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VIFF 2015: Three Upcoming, Can't Miss VIFF Must-Sees

Senior VIFF Programmer PoChu AuYeung, and an already weary J.B. ShayneSenior VIFF Programmer PoChu AuYeung, and the ever dour and oh-so-weary J.B. Shayne

Well, here we are into Day Four of the 34th annual Vancouver International Film Festival — the most logistically pristine Festival in all of its 34 voluptuously triumphant years — and the films just keep on comin'. And what a great Festival for world cinema VIFF 2015 has proven to be ...

Non-Fiction (America) | In Transit

In Transit | Albert Maysles' visionary new film | VIFF Canadian Premiere | a VIFF must-see

In Transit (Grade: A+): A non-fiction film that revels in the search for the authentic self, celebrated documentarian Albert Maysles' final film is all at once: groundbreaking, masterful, chillingly powerful, thoughtful, intimate, engaging, philosophical, and an extraordinarily humane chronicle on the narrative power of our everyday lives. As Ronnie Scheib, in Variety, writes, "a fitting farewell to an American ethnographer." Showtimes: October 5th, 10:30am, Cin8; Oct. 7th, 7pm, Cin10; Oct. 8th, 2pm, Cin10. A must-see.

Canadian / Quebeçois | Ville-Marie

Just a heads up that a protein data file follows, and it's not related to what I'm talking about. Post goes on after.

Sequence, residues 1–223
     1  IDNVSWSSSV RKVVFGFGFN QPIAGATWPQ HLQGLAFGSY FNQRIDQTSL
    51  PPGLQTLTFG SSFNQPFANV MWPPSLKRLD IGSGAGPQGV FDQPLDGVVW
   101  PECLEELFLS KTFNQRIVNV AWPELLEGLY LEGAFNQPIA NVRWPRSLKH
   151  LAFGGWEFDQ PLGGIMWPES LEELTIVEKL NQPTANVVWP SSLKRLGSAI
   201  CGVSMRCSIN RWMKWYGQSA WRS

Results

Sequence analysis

Ville-Marie (Grade: A-): Guy Édoin's lushly appointed film keenly observes four characters: Pierre (Patrick Hivon), an ambulance driver coping with PTSD, Marie (the luminous Pascale Bussières), an ER nurse at the understaffed Ville-Marie Hospital, Sophie Bernard (Monica Bellucci), a European actress who's in Montréal to shoot a semi-autobiographical film, and Thomas (Aliocha Schneider), her gay son, who is increasingly insistent that she reveal the name of his father and the circumstances of his birth. Captivating from beginning to end as it comes to focus on the mercies of the protagonists' past tragedies, Ville-Marie moves from strength to strength to strength, from movie's outset to its relevatory denouement. Showtimes: October 1st, 9:15pm, Cin10; Oct. 4th, 10:30am, Cin8.

Non-Fiction (Iranian) | No Land's Song

No Land's Song (Grade: A): Three years ago, the Iranian singer and composer Sara Najafi came up with the idea of hosting a concert in Tehran, her hometown. It was a plan so audacious, it seemed slightly crazy. The concert would be "a festival of the female voice" featuring solo singers — not just Iranians, but artists from France and Tunisia, too. Nothing like it had been attempted in Iran for 35 years: after the Islamic Revolution of 1979, women were banned from singing solo in public.

No Land's Song review: Tender, undeniable, deeply affecting (or, as one critic wrote, "incredibly emotional"), provocative, risky, occasionally hugely depressing and, in the end, thrillingly heartbreaking and heart-stoppingly redemptive, No Land's Song is one of the must-see documentary films at this year's Vancouver International Film Festival. Showtimes: September 29th, 10:30am, Cin8; October 3rd, 9pm & October 5th, 4pm, Playhouse.



Posted by Raymond Tomlin at September 27, 2015 12:10 PM in VIFF 2015

   

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